And, yet, perhaps the optimism is not entirely misplaced. We saw the heavy, Canadian ice-breaker Louis St. Laurent move up to Quebec. Some had wondered if she intended to steam all the way up to Lake Superior. It looks like that speculation might not have been far off. The Canadian ice-breaker, Martha L Black, which is about the size of Mackinaw was at Quebec. When Laurent showed up, apparently to take over ice-breaking below the locks, this freed Martha. She’s been steaming up-bound for the past 24 hours and is now in the Welland Canal. Since the heavier ice-breaker, Des Groseilliers, is already there, one would think that one of these ships is going to to be sent up farther. That would be good news indeed.

    • Gord Campbell says:

      Martha L. Black has orders to Thunder Bay.

      Presque I. now underway 1500hrs. about 6knots Missouri close company. (Steerage?)

    • My understanding is that Louis S St. Laurent is in dry dock, not breaking ice.

  18. holly jorgenson says:

    what does anyone think about this…PRT gets to marquette and convoys back with mesabi miner?

  19. Brian indicated earlier that Alder would go to Marquette to escort Mesabi Miner back to Duluth with Morro Bay. Alder is currently west of the top of the Keweenaw peninsula and steaming east. She is making better than 13 knots so they’ll be near Manitou Island in about 2 1/2 hours. It looks like Alder is going to try escorting Mesabi Miner without assistance. Recall that Mesabi is a giant so that’s quite a job for Alder to do alone. Hopefully there is still a lot of open water.

    Radisson and Mackinaw have steamed out of Whitefish Bay along the same track they broke yesterday. That must be a tremendous relief to not have to spend hours busting ice just to get out of the bay. My assumption is that they are heading up north to retrieve the second convoy which should consist of Edwin Gott, Edgar Speer, Stewart Cort, Algoma Discovery, and Sam Laud.

    Of the first convoy, American Spirit and St Clair are heading down the St Marys River. We’ll find out if the rock cut is open on the west side of Neebish Island or if these ships are still being loaded shallow to get through the east side. McCarthy has already gone through the locks and Tadoussac has just left. Kaye Barker is still upstream of the locks and presumably will go through soon.

    The unusual one is Presque Isle. She is still in Whitefish Bay and has made no attempt to enter the river. Morro and Katmai Bay are near her and I see the private tug, Missouri, steaming that way. So, I’m wondering if Presque Isle is needing some assistance.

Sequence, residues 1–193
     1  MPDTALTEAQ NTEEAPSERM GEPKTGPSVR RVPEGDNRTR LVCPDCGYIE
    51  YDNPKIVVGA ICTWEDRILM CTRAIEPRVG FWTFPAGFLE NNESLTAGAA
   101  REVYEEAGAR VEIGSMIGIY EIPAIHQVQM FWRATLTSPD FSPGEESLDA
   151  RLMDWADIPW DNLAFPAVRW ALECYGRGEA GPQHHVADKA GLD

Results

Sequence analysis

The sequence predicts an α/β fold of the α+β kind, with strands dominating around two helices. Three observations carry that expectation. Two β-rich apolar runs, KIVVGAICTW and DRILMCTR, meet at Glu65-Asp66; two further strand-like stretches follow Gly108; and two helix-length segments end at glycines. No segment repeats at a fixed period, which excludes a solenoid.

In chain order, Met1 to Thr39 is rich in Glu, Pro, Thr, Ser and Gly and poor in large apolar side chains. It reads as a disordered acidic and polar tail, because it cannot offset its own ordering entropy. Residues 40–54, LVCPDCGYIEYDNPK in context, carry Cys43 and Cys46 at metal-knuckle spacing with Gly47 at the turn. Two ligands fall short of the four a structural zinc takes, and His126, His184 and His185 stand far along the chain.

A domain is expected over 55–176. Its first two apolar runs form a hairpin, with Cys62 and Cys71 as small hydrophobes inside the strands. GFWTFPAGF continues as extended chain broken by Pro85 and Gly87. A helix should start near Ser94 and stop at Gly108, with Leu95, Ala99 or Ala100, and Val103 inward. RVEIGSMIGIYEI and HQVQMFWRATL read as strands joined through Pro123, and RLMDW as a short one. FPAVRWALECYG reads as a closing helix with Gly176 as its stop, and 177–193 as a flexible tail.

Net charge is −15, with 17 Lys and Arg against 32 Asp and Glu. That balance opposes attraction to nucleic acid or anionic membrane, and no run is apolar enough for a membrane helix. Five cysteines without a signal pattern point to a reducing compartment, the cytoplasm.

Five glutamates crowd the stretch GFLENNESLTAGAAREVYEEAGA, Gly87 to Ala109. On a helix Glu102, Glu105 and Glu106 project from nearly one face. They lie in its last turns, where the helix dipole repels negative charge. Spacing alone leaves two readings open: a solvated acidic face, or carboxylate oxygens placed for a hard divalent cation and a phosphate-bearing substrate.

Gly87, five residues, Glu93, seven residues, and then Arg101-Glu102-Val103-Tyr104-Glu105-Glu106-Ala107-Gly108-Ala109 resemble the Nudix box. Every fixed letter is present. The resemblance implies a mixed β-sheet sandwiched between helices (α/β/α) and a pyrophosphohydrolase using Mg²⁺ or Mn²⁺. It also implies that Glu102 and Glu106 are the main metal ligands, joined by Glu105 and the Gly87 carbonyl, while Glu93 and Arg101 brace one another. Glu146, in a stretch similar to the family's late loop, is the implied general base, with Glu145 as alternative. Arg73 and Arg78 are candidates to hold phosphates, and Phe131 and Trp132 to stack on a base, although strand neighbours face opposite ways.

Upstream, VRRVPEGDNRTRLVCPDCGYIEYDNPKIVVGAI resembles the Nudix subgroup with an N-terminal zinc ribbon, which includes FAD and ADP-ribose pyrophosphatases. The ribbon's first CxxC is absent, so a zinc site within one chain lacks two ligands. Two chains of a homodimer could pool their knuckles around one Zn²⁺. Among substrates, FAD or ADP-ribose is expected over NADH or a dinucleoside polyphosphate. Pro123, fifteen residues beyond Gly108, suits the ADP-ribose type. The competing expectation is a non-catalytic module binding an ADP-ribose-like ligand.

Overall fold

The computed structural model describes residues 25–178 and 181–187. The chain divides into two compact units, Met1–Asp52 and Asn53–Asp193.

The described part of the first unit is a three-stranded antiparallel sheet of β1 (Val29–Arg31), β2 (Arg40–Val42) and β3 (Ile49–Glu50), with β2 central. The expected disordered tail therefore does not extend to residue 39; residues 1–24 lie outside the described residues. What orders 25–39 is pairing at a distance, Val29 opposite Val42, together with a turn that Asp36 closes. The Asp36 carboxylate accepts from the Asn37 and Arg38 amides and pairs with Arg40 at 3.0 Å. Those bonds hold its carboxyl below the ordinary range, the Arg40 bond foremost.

20. Boatnerd News Photo Gallery for April 14 has a fantastic aerial view of the upbound convoy waiting on Whitefish Bay.

  21. CG alder was about 6 nm sw of 2 Harbors 58 min ago

  22. You can see the convoy heading down to the St Marys River.

    American Spirit is leading, then Mackinaw, St Clair, Walter McCarthy, Tadoussac, and Kaye Barker.

    Presque Isle, at the rear, began moving after this image was captured. North of Presque is Katmai Bay, Morro Bay, and then Radisson (which can’t be seen in the image). Although Radisson is at the back here, she actually steamed all the way down to the mouth of the St Marys River and then came back up. That is six freighters returning from Duluth and three of these are giants.

    I don’t know what the game plan is at this point. The second convoy will have to be retrieved. I’m wondering if they will escort a convoy up at the same time. I suppose they could do that if the north end of Superior still has open water and the western shore is good. Unfortunately, there was too much cloud cover today so we don’t have recent satellite images. Also, Mesabi is still in Marquette so something has to be done there as well. This was a nice amount of iron with six ships but the second convoy would really get things back on track.

    • Brent, where is the second convoy you speak of that has to be retrieved? Is it along the northeast shore somewhere but not showing up on radar? I thought too that there were more boats that left the western ports, but they are no where to be seen.

      • Gord Campbell says:

        (To Jay)
        Out of range of any AIS receivers.

        Probably anchored in open water or skinny ice near Michipicoten Island, likely to the east of it near the town of Wawa. Its a safe place because Wawa usually has a chopper stationed at the airport.

        One worthy note is that Alder is sailing on a course to the east lee of Isle Royale.

        A second worthy note: Just spotted the Martha L. Black, approaching Port Weller, 10.3 knots, listed destination Thunder Bay.